Turf Wars: Lena Cobangbang’s Meditation on Greenery in the City at the Manila Biennale

Lena Cobangbang’s Manila Biennale piece Turf Wars explores the interaction bewteen plants and the city.

Interview by Yvette Tan

At first glance, artist Lena Cobangbang’s piece for the Manila Biennale looks like part of Fort Santiago’s greenery. Turf Wars is composed of “a carpet-like surface made from different varieties of weeds and grass forming a camouflage pattern” reminiscent of “contested islands located in the West Philippine Sea.” The artwork itself is camoflaged behind some of the Fort’s ruined walls.

What are you currently up to?

I’ve just finished setting up a watercolor show “Between A Puddle and The Ocean” which opened last Friday 23 Feb at Galerie Roberto in Molito Alabang, and put down my solo show Terratorial Piecings at Mo_Space at The Fort, BGC. Now, we’re preparing for ARTbike 2018 on March 3 which will tour Manila Biennale, National Museum and Art Fair Philippines.

What attracted you to working with plants?

I guess it’s borne from a frustration of not being able to grow one, hahaha. But seriously, I’ve been invested in doing works about land, no matter the medium – watercolor, photography, miniatures, food, embroidery, molds, etc. Plants are one of a current decoder/signifier of this bigger focus on land.

Please tell us what inspired your piece at Manila Biennale.

Prior to working on my piece for the Manila Biennale, I was finishing pieces for my solo show Terratorial Piecings where I’ve used camouflage patterns for my version of a world map, and for deconstructing HR Ocampo. Most pieces there came about from reading up on his working process and from seeing his preparatory studies.

I was trying to see how/why he came up with such patterns. There was one HR Ocampo piece which I related into property divisions, land use, etc. The camouflage pattern is very much a loaded form actually. So when Ringo Bunoan, the head curator of MNL BNL, gave us a tour of Fort Santiago, I instantly thought of doing something also with the current issues on the contested islands on the West Philippine Sea.

I was also thinking of making a work that I won’t have problems with storage, which happens with most works done with the usual medium. I did several pieces before using organic material and/or making a sort-of garden. I’ve attached photos of those as well here. One was a moss and bread mold piece I did for my solo show in Graz, Austria; it’s called Ambrosia.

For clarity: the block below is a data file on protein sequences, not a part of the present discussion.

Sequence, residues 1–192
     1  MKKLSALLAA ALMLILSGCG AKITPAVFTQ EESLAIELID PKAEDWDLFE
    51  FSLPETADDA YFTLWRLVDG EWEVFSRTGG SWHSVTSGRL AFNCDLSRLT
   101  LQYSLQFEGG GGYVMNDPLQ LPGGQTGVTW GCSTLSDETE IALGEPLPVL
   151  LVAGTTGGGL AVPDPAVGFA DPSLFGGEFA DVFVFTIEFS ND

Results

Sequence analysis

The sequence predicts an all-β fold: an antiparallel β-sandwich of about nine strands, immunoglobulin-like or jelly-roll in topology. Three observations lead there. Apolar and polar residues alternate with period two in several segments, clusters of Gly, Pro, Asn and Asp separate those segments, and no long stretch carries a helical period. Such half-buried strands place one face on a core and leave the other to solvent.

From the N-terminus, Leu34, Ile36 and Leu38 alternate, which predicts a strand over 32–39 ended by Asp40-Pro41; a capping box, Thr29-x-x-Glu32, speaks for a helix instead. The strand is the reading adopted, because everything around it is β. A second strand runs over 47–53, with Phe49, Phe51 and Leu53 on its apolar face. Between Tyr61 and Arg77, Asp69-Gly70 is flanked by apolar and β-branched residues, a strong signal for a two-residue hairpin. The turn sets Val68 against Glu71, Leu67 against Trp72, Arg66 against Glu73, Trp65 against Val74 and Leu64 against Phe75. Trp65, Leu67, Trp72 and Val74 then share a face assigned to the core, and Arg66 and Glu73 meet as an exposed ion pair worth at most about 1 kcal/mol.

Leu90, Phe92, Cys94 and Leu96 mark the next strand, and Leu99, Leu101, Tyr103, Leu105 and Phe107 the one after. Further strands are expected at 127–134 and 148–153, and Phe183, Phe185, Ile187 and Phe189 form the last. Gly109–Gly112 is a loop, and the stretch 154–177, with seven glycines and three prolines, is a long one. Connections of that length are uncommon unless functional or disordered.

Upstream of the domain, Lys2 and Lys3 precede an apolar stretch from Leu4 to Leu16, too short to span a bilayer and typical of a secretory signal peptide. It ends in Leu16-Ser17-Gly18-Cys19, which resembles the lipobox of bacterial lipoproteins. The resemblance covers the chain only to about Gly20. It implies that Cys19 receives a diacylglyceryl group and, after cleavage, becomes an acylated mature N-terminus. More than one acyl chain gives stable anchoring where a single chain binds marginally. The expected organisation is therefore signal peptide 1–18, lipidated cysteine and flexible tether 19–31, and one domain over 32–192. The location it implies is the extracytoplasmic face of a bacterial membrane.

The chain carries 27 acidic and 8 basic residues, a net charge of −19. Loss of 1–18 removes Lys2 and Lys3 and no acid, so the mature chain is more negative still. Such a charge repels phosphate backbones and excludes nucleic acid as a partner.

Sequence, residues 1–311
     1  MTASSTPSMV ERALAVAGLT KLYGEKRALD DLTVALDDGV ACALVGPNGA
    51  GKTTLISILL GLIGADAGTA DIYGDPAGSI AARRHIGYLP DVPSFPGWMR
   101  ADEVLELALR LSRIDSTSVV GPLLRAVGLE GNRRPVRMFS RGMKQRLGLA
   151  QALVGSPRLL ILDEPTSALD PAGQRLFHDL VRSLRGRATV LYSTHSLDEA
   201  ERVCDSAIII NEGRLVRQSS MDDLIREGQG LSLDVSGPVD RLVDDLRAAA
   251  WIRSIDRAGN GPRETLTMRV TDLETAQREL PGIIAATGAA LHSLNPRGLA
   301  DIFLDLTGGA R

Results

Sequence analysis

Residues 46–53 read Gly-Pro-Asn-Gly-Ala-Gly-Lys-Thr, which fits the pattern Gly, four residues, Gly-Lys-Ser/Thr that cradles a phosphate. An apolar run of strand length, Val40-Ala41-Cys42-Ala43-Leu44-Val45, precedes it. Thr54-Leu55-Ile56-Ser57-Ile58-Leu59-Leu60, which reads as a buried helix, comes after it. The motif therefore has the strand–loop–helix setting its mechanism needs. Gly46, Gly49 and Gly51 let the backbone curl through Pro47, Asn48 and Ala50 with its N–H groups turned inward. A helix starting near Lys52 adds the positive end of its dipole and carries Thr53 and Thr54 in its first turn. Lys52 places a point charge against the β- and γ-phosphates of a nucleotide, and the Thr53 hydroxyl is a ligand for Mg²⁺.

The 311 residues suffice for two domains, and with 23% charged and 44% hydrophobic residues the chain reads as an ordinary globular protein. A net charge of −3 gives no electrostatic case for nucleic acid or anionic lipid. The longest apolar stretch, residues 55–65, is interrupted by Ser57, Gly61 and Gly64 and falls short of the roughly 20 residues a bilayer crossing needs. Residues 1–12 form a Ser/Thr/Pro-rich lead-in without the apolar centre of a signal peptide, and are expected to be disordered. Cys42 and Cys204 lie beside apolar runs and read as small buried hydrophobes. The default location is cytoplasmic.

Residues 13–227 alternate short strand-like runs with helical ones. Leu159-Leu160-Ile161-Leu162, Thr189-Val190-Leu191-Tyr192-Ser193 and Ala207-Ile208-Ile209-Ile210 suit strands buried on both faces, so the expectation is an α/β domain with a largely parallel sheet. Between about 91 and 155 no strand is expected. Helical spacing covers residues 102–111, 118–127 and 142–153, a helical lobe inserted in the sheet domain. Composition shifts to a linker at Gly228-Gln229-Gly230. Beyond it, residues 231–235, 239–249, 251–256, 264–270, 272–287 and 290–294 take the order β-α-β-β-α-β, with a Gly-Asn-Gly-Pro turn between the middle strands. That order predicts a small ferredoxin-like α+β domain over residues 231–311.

My host’s mother and I trekked up some hills just to gather moss, and did a Julie Andrews on top of one hill hahaha. The other one titled Garden of Earthly Delights was done on a residency in Langgeng Art Foundation in Jogjakarta, Indonesia. The foundation had a sprawling lawn so I thought of digging up a shallow grave of a silhouette of a figure lying down with its innards spilt with flower petals that were used for funerary offerings. I did a similar one in last year’s Malasimbo festival.

What do you hope for people to experience upon encountering your piece?

That they’d think about what’s at stake in the issue of the West Philippine Sea, about geopolitical divisions, about sovereignty, about land, about environment, about the ground that they walk on, about plants that they may or may not take for granted.

Are you a gardener yourself? What is your relationship with plants?

I hope I am, maybe with a lot more practice I can be but I know some people are just born with a green thumb. This piece would not be possible without my collaborator/landscaper John Albao of Juan’s Garden and Landscaping.

Since I’m born and grew up, and still living in a very urban environment, there’s this constant longing for wide open space and greenery. Plus, the tree walk that was hosted by Ronald Achacoso, an artist who takes up the advocacy of Leonard Co, was a jolting wake-up call on how very few we now have of our forest cover, and how very little most of us know about our own plants, we can’t even name most of the trees and common shrub that we pass by. I actually felt guilty of this and sad. But looking at plants is very calming, walking through gardens and green paths is very calming, that I wish instead of building towers and high rises, trees are planted instead.

What do you wish for Metro Manila, greenery-wise?

More trees instead of buildings, more parks, instead of malls and car parks. But this won’t be possible if there’s no smart planning. I feel frustrated every time Paulo Alcazaren mentions that in his columns or on his FB posts, that the solutions are actually obvious but no one’s acting on them. I guess profit wins most of the time, that’s why malls and hi-rises eat up most spaces without considering humans who inhabit them. Developers seem to think of plants/greenery as mere decor or afterthought, they don’t plan walkways that have natural shade. John, the landscaper, even commented that most plants that were planted along the public roads and parks are very ill-suited, and badly chosen,e.g. the Dieffenbachia maculata planted in the periphery of Intramuros is actually poisonous.

There are so many capable people who doesn’t get hired or consulted upon for public project/government projects. That seem to be the sad story of our lives as Filipinos, that we don’t seem to deserve nice things. 🙁

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Yvette Tan
Yvette Tan is Agriculture magazine's managing editor’s web editor. She is an award-winning writer who likes to eat, travel, and listen to stories about the strange and supernatural. She is dedicated to encouraging people to push for sustainable food sources and is an advocate of food security, food sovereignty, and the preservation of community foodways.

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